The Binding Wars and the Bottom Line
Binding compatibility is downright unglamorous. But as the interface between ski and boot, binding compatibility is a gateway to greater profitability. For example, with the NNN system buyers have many brands to choose from to optimize fit; there’s Rossignol, Alpina, Madshus, and Fischer — just to name the major players. If your ski race quiver includes NNN bindings, it makes the most sense to purchase boots from these brands. If Salomon or Atomic boots are the most comfortable fit, then up to now, the SNS system was mandatory.
Amer Sport’s business model worked for awhile. The SNS system held strong here in the U.S. Yet gradually, brand influencers, like coaches and their ski clubs, as well as top World Cup skiers, switched to NNN. At one ski club in Bend, Ore., you’re likely to see only a few pair of Salomon boots amidst a group of 30 to 40 skiers on any given day.
Internationally, the SNS system is quite robust.
“In Germany, it’s still 80 percent,” Wilson said. “But in the U.S. and a few other places we have four really strong competitors and we lost partnership with Fischer a few years ago. Our market share shrunk. We went from 65- to 70-percent market share in the U.S. to just about 35 percent.”
In places like Norway, a major nordic-ski product consumer, SNS became an afterthought as well. Wilson said that despite Amer Sport’s investments in high end ski production, they simply were preaching to a smaller and smaller choir.
“At the end of the day, in all the business meetings we were in, we were saying no matter how much we do this we are only speaking to 35 percent of the industry, and that we are spending an awful lot of money to talk to 35 percent of the people.”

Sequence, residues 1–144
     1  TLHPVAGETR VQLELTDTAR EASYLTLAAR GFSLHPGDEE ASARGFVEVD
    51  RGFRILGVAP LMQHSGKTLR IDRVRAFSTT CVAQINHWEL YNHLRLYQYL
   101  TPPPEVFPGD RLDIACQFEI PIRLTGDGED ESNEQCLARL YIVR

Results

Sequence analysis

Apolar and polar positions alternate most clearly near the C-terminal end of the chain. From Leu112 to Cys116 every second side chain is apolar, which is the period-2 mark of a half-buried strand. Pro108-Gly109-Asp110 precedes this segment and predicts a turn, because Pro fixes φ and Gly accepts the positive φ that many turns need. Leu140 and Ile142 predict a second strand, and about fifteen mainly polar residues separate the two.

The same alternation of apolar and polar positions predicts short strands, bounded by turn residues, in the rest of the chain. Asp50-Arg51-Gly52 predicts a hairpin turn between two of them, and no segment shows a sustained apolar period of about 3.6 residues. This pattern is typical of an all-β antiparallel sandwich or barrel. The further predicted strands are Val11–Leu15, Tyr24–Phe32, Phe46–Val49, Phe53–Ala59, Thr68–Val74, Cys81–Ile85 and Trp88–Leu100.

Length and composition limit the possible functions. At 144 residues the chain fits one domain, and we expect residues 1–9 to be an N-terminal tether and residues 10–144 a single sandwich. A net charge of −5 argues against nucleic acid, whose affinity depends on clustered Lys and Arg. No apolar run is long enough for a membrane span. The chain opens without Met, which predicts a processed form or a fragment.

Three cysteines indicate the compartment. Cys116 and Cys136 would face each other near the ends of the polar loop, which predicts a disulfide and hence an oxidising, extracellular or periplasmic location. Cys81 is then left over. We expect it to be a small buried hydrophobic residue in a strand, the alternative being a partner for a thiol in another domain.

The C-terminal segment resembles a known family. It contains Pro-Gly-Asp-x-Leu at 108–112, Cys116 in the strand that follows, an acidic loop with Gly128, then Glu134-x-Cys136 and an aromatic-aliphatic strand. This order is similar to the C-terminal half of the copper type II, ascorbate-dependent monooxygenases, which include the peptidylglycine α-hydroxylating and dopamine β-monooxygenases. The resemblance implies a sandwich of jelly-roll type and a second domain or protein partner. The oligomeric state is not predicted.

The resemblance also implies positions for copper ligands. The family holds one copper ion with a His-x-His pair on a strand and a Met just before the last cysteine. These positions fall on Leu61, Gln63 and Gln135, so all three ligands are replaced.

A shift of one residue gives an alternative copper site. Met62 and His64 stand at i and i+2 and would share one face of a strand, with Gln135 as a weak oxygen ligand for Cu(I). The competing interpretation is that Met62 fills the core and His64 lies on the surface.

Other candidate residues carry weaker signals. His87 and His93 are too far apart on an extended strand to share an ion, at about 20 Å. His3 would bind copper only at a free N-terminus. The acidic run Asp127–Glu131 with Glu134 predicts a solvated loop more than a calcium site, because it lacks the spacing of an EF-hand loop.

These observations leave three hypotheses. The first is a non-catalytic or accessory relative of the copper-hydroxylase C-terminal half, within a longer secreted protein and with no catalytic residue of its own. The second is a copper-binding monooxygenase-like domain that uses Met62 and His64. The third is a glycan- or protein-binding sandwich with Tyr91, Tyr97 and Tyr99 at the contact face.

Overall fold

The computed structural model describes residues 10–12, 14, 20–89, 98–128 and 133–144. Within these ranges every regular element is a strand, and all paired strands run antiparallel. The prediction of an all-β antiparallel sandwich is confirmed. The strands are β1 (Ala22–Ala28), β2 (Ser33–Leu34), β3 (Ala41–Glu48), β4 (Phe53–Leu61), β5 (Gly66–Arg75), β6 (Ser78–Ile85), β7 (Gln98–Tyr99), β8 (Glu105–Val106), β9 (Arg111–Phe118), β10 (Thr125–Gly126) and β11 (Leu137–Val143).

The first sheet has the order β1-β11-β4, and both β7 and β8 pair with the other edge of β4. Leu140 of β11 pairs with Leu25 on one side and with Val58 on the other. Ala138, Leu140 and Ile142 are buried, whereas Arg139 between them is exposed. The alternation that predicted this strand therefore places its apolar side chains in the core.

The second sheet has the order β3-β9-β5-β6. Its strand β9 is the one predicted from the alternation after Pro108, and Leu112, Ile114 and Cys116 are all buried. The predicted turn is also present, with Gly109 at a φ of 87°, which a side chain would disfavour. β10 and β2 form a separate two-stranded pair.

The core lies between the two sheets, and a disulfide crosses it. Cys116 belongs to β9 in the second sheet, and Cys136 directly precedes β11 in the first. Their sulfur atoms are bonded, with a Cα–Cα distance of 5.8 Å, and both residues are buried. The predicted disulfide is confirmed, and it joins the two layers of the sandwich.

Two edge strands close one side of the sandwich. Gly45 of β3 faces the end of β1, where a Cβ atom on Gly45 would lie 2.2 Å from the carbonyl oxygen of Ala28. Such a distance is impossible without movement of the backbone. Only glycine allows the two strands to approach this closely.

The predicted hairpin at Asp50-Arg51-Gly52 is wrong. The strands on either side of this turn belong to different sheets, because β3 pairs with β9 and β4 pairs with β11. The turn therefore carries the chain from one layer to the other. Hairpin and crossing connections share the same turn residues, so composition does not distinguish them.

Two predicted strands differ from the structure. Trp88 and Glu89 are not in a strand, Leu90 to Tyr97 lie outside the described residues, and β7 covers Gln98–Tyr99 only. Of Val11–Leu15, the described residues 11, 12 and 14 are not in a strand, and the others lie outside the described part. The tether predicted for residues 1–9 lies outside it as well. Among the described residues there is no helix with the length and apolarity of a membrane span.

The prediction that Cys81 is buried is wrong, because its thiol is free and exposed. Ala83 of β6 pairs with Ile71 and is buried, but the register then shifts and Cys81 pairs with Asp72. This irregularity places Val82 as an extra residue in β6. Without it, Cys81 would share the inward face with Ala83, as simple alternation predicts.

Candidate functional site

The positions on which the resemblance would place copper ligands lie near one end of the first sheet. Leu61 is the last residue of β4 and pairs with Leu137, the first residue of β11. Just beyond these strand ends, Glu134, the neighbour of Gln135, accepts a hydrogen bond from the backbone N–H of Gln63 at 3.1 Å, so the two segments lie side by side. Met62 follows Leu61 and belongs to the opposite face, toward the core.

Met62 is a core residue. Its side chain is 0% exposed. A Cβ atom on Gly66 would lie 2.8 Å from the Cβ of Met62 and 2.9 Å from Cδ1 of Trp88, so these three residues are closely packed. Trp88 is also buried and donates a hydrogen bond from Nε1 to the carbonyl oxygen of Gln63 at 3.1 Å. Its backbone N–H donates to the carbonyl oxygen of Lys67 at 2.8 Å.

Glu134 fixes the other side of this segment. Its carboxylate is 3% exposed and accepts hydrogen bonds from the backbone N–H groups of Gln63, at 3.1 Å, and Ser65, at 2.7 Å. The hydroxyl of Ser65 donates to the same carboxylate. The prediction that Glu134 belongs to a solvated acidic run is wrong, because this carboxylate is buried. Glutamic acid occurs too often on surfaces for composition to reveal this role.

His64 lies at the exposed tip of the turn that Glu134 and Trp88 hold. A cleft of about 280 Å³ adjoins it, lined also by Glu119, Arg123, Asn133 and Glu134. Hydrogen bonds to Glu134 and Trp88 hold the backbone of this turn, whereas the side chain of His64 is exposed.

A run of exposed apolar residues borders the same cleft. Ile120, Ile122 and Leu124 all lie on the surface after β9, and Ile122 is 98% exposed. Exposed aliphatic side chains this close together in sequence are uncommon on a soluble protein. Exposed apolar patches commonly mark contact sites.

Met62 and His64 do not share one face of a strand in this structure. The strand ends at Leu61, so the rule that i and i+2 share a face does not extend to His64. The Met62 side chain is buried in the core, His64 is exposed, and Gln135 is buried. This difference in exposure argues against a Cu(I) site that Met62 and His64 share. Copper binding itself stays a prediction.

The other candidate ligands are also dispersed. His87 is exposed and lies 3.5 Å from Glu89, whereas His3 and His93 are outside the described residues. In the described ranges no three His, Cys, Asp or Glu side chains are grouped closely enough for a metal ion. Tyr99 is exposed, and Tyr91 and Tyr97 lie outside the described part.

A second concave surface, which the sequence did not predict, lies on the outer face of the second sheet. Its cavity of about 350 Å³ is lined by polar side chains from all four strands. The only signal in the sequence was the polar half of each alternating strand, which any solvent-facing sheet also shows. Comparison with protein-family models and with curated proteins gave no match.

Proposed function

Salomon could have moved on this earlier, he added. “My biggest thing is, OK, we could have done it ten years ago, but I’m just really happy we are doing it now. … It’s hard to admit that we need to play across the full range of systems … so that we can be back to where we once were which is a much higher market share especially in boots where we are the most relevant brand still in the industry.”
Salomon’s bottom line is likely to be bolstered by the Prolink system’s introduction. Wilson explained the system is an NNN upgrade, but it’s not revolutionary. Put simply, now Salomon can attract consumers who simply prefer their boots and don’t want to change binding systems from NNN to SNS.
“Hopefully it allows people to open the ability for them to take Salomon or Atomic product and not close the door for us,” he added.
“I am proud that Salomon was not too proud to do this … I think they were really globally not that worried about it and now I think especially if they ever want to play in the Norwegian market, if they ever want to play in the U.S. market in a real way, this was a move that they had to do. I think they came to that realization and they did it.”
Wilson admitted he’s asked the question again and again — does this mean Salomon has lost the binding battle or lost the war? “For me, it’s a funny way to think about it. I feel like hopefully the consumer is the one who wins this in the end. So nobody has lost but the consumer comes out as a winner.”
Jason lives in Bend, Ore., and can often be seen chasing his two boys around town. He’s a self-proclaimed audio geek. That all started back in the early 1990s when he convinced a naive public radio editor he should report a story from Alaska’s, Ruth Gorge. Now, Jason’s common companion is his field-recording gear.